British officials believes up to 1,000 people could die from the human variant of mad cow disease as a result of tainted blood transfusions.

Creutzfeld-Jakob disease, or vCJD, which is the human form of mad cow is likely dormant in 30,000 people in Britain, based on the government's Health Protection Analytical Team report.

Hospital officials are warning the death toll could increase to nearly five times the current estimate of 176, that's approximately 880 people but it could be more.

The dormant variant could develop into the full-blown vCJD in the carriers.

Former Labour Health Secretary Frank Dobson urges "everything humanly possible should be done to develop a blood test."

"There is no room at all for complacency," Dobson told The Daily Telegraph. "With a blood test, you would be able to screen every potential donor. If that screening showed the incidence was higher than thought then maybe you would do it for the whole population."

Mad cow disease, labeled bovine spongiform encephalopathy, or BSE, is a central nervous system disease that strikes cattle. BSE became a global scare in 1986 that began in the United Kingdom livestock feed, where suppliers fed the cattle infected cow and sheep parts. It ultimately prompted leaders to order millions of cows be slaughtered in 1989 to prevent people from contracting vCJD from infected beef.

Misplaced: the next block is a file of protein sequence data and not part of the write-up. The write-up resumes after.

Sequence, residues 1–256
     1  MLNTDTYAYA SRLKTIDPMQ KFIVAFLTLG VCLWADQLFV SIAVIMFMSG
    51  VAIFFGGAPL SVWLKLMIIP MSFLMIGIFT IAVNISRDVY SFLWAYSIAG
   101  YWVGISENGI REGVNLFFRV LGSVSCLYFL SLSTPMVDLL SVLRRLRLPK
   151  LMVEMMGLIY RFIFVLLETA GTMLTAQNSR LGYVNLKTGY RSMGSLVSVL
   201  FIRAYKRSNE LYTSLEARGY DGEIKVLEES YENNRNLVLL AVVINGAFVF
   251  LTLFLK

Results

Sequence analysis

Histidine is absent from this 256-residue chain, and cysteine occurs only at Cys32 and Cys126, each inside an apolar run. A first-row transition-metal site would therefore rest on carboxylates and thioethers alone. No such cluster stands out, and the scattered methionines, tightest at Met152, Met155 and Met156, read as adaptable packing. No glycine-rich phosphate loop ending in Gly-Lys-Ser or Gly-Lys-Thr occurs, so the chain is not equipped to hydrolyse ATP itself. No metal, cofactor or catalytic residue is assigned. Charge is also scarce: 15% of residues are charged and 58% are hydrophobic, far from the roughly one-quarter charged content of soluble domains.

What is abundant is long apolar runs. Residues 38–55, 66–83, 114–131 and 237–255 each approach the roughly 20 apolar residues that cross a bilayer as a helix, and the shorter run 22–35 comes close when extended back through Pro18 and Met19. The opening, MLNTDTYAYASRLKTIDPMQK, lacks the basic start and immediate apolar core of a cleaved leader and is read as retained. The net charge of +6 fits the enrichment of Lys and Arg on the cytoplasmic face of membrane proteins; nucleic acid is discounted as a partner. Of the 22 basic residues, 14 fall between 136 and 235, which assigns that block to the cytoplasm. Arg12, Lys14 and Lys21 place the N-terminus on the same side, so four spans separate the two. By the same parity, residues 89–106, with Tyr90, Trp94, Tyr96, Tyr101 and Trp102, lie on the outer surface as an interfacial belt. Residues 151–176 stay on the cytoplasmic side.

However, one in 2,000 Britons likely carry the silent form that could become vCJD and one study from 2012 confirmed that the prevalence of the dormant variant is twice as high as originally thought by experts.

Nearly half of the 1,000 potential cases could be a result of those who already had blood transfusions, while approximately 580 cases are from those who could contract the disease from future blood transfusions. The study recommends that young donors born after 1996 are the safest to recruit because they wouldn't have eaten the disease-ridden beef.

Although officials are saying a blood test screening clears donors who may not have the disease, a spokesman for the Department of Health told The Telegraph that government encourages "people of all ages to give blood" because they have "one of the safest blood supplies in the world."

They're adding that this study was conducted to consider ways of the reducing potential risk of contracting the disease via blood transfusion.

CJD is a degenerative brain disease, that normally affects one in every 1 million people globally. The United States has nearly 200 cases ever year, according to the National Institutes of Health. The onset could appear at age 60, some of the symptoms include loss of memory, changes in behavior and disruptions to visual or all modes of coordination. As it progresses, the person could become blind or have dementia, among other symptoms.

The causative agents of the disease are abnormal forms of proteins called prions, which are misfolded in a way that prohibit enzymes from breaking them down. This allows them to accumulate in the brain and cause neurodegenerative decline.

"There is no evidence of any UK clinical cases of vCJD being linked to a blood transfusion given after 1999," the spokesman added. "In fact there have been no new cases in the UK for more than two years."